Google has inked deals with Sprint and T-Mobile for its forthcoming wireless service, which may rely more heavily on WiFi than previously thought. The service will make use of both cellular and WiFi, connecting to whichever offers the stronger signal. Google's tactic may turn wireless network operators' business models upside down.
Google's wireless service will automatically hunt down the best connection, whether it be cellular or WiFi, according to the Wall Street Journal. Google, which already operates a significant number of hotspots around the country (think Starbucks), has fiber rolled out to a handful of metro areas across the country will probably ink WiFi roaming deals with aggregators to expand its reach.
Google's service will likely launch during the first half of the year and be available from coast to coast, according to the Journal. The idea isn't to cut prices, but rather to challenge consumers' reliance on the national wireless network operators. That could spell trouble for companies like AT&T and Verizon Wireless.
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Cablevision preempted Google on Monday by announcing FreeWheel, its own WiFi-based wireless service. Cablevision is betting consumers will be willing to pay $30 per month for unlimited calling, messaging, and data through its network of 1.1 million WiFi hotspots in and around New York City. The service will be compatible with the Motorola Moto G smartphone, which Cablevision will sell for $99. Further, Cablevision's existing Optimum Online customers will be able to snag the service for $10 per month -- that's about as affordable as it gets for wireless service. Available beginning in February, Cablevision's FreeWheel won't fall back on cellular when WiFi isn't available, however; it is limited to WiFi only.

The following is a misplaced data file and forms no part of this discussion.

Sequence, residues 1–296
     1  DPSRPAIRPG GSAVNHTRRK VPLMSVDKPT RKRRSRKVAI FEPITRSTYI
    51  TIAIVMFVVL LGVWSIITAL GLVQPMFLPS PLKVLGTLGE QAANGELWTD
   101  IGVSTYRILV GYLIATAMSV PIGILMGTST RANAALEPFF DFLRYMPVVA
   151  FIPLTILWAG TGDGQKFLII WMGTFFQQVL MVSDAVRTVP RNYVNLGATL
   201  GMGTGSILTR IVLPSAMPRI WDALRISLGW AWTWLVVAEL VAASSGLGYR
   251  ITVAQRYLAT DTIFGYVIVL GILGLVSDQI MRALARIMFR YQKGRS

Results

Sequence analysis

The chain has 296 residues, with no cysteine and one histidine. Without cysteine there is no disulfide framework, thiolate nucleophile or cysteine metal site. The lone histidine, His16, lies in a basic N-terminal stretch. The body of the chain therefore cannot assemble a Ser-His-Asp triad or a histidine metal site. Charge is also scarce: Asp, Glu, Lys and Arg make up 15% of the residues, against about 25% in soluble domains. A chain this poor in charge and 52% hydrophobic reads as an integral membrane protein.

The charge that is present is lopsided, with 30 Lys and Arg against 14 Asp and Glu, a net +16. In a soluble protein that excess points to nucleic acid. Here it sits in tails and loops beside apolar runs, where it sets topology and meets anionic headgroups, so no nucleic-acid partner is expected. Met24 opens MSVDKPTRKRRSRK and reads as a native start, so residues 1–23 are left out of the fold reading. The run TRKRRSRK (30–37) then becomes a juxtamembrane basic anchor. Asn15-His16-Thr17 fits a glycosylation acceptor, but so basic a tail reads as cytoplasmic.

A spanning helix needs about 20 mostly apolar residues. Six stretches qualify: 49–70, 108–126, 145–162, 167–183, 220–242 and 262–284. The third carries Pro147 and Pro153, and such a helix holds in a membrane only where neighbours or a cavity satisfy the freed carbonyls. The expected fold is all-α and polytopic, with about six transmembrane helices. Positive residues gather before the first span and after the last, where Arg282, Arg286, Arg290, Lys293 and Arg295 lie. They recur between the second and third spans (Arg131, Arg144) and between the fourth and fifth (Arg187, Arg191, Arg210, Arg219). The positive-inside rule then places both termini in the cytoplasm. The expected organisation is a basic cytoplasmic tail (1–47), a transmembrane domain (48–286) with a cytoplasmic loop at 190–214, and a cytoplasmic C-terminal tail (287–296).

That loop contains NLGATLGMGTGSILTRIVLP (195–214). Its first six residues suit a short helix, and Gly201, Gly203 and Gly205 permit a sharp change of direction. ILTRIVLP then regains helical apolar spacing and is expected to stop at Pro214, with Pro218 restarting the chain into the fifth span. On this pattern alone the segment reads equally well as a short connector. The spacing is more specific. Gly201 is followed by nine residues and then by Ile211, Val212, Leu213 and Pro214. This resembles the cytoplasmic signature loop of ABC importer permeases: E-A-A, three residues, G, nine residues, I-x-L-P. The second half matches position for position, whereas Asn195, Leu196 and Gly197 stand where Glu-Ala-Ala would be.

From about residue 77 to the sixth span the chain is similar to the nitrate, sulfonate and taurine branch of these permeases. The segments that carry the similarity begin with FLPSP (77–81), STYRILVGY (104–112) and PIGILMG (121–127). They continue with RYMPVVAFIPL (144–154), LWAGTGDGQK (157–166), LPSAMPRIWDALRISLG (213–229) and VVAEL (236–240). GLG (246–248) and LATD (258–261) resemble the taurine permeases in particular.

Google's angle is different from Cablevision's, but it isn't the first to try the WiFi-and-cellular model. Republic Wireless and FreedomPop have offered WiFi-centric services for a year or more. Both allow customers to make calls, send messages, and browse the Web via open WiFi hotspots for low monthly fees. Both fall back on cellular service when WiFi isn't available -- but cellular access can increase monthly fees. FreedomPop has plans costing as low as $5 per month. There's no word yet on what Google might charge, but it's safe to say it'll be less than what wireless network operators charge.
The big four national carriers offer a variety of plans, but the average postpaid plan costs $60 or more per month for unlimited calling, messaging, and a healthy amount of LTE 4G. Prepaid plans are available for less, though the selection of handsets isn't as good and data allotments aren't always as generous.
Google has long pushed for broader availability of speedy WiFi and recently petitioned the FCC to open huge swaths of spectrum for WiFi use. Several years ago, Google participated heavily to catalog "white space" spectrum (the open airwaves in between television channels) and has gear to help devices find and access those airwaves.
Carriers have spent tens of billions of dollars to create their cellular networks. Google is banking on the low cost of unlicensed access to deliver similar benefits without investing vast sums of money. Republic Wireless and FreedomPop, which face marketing challenges, have between them fewer than 2 million customers. If Google is able to offer a more seamless experience -- with cellular fallback -- it could win over far more subscribers. This will have a significant impact on how people connect their mobile devices to the Internet, which is exactly what Google wants to do.
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